Thursday, September 16, 2004

Der Neunte Tag (The Ninth Day)

The Ninth Day is a powerful movie set during World War II. It follows a priest named Kremer, played by Ulrich Matthes, who has been interned in the concentration camp at Dachau. One day, he is suddenly given a nine-day leave and sent back to his home in Luxembourg. There, a young SS officer named Gebhardt, played by August Diehl, directs him to talk to the bishop to get him to stop ringing the church bells in defiance of the occupying Germans, or failing that, for himself, Kremer, to write a letter expressing compatibility between the Catholic Church and the Nazi ideals.

Kremer, in a short period of time, is forced to confront his own demons and re-examine his faith. This struggle is played out in part through the theological debates that he has with Gebhardt, as the latter tries to convince him that the two aren't so different in their aims.

This was an excellent film highlighted by the performances of the two lead characters, Matthes and Diehl. Matthes is especially good as he comes to terms with his actions in the camp, questions his faith in the face of so much horror and tragedy, and comes to a decision about what he must do for his country, his family, his fellow priests, and his own conscience.

The Ninth Day was directed by Volker Schlondorff, who also directed and co-wrote the Academy Award-winning The Tin Drum. Schlondorff attended the screening and did a Q&A after the movie:

Some notes from the Q&A:

- Schlondorff had sworn he would never do a movie set in a concentration camp. In 1956, when he was 16, he had seen Night and Fog, and thought the subject was such a shock to see, that it was something that was beyond staging, that one could not represent it. Years later, after movies, such as Schlinder's List and The Pianist had tackled the same subject, and after reading such a strong human story, Schlondorff wanted to do this film.

- The movie is based on a true story, which was relased in 1945. The author himself, who is represented by Kremer in the movie, died in 1994. However, the period of the movie in Luxembourg only takes up a half-page or so, so no one really knows what the conversations really were.

- The movie is partly about temptation; in the Bible, the devil usually chooses someone who is weak. In the movie, Gebhardt is the devil, who has all the good arguments, and who doesn't fight, but attempts to seduce Kremer with his words. In fact, their arguments are staged as a sort of 7-round fight, rather than pages and pages of dialogue to bore the audience.

- The arguments used by Gebhardt were found in documents of the period.

- There are a number of scenes where the image becomes fuzzy, subjective, and fragmented. This was intentional, as the diary on which the film was based is cinematic, fragmented, and with tunnel vision. In the book, the author sees only the heels of the person in front of him as he walks through the camp; he sees only bits and pieces, described in a very prosaic way. In the movie, when Kremer turns his head, he is so weak, and his vision is so shaky, the camera represents this.

- The diary reminded Schlondorff of a silent movie. He and his cinematographer screened Dreyer's La Passion de Jeanne d'Arc for inspiration.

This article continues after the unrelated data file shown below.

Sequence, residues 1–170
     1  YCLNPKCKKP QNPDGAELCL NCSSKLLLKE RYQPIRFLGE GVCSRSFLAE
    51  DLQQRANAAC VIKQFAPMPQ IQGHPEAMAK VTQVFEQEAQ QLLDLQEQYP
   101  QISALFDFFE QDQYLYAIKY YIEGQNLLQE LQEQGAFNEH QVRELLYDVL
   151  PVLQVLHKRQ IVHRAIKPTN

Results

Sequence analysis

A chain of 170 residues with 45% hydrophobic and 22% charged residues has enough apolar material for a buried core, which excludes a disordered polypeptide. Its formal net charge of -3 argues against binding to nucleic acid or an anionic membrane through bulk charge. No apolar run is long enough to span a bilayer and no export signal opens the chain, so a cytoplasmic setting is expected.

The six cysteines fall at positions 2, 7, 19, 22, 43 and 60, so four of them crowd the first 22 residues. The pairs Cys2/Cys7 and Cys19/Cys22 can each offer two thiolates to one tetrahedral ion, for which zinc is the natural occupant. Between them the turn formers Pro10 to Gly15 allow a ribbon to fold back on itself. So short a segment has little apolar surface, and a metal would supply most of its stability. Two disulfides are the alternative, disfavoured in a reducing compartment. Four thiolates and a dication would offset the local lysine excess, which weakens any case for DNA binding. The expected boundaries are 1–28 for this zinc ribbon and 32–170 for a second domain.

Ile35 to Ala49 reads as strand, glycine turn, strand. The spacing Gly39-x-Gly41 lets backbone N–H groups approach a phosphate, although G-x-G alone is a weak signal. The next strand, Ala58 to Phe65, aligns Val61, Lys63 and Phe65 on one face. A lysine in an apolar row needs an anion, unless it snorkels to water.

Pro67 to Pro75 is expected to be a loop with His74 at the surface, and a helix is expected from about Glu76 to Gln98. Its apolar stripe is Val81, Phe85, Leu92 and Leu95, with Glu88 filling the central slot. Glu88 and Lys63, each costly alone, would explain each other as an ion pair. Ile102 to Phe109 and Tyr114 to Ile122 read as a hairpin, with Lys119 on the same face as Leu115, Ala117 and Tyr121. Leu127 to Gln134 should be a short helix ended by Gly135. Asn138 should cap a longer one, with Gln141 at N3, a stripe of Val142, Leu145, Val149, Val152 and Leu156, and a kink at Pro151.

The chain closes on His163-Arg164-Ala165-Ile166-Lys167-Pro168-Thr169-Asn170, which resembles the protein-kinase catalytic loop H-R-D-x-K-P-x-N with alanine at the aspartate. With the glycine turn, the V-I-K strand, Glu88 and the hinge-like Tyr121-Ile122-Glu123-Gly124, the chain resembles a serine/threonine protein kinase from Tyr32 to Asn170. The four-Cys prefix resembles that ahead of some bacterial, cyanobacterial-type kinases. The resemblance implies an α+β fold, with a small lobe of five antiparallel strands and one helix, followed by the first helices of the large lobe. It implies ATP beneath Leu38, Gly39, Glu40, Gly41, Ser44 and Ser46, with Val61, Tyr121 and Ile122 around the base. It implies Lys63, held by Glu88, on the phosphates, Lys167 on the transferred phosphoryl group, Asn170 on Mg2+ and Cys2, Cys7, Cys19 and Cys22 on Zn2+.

- Music in the film included Concerto Grosso, by the Russian composer Schnittke. Schlondorff had first heard the music when he bought it in St. Petersburg. He showed the film with the music to Schnittke's widow, and commented on how well it fit with the movie, and it turns out that Schnittke had written much music for the Russian cinema as a way to pay the bills and support his more "serious" musical efforts.

- The movie was filmed at a reconstruction of part of Dachau at a military base. Filming at the real camp is prohibited out of respect for the victims, and Schlondorff couldn't even film a scene outside the camp at the gate.

- One scene in the movie, involving a water pipe, is based on the writings of Primo Levy and his experiences at Auschwitz, and comes from a chapter entitled Shame.

- Schlondorff intentionally did not delve deeply into the controversy over the Catholic Church's role during the war or the decisions of the Vatican, since it has been dealt with by others in the theatre and in film. Schlondorff said, who is he to blame the church, and instead wanted to concentrate on individuals and celebrate the bravery of the priests who suffered and died in the camps.

- Schlondorff himself is Protestant, but spent time in a Jesuit boarding school, where the priests encouraged him to pursue a career in filmmaking.

- Schlondorff said Ontario had a special place in his heart, alluding to the controversy over The Tin Drum, which was initially banned by provincial censors, a decision which was later overturned due to the efforts of determined protestors.

- The movie will open theatrically in November, and after, Schlondorff said, all the fuss about the Hitler movie, The Ninth Day will come along and show the real effects. This is an allusion to Der Untergang (Downfall), which is also screening at the festival and has engendered controversy over its portrayal of Hitler and other Nazis during the war.

- Schlondorff said that August Diehl is one of the finest stage actors in Germany, also with 23 films to his credit, and Ulrich Matthes is primarily a stage actor.


My experiences at the Toronto International Film Festival. Note this blog is not affiliated with the Toronto International Film Festival Group or the festival itself.
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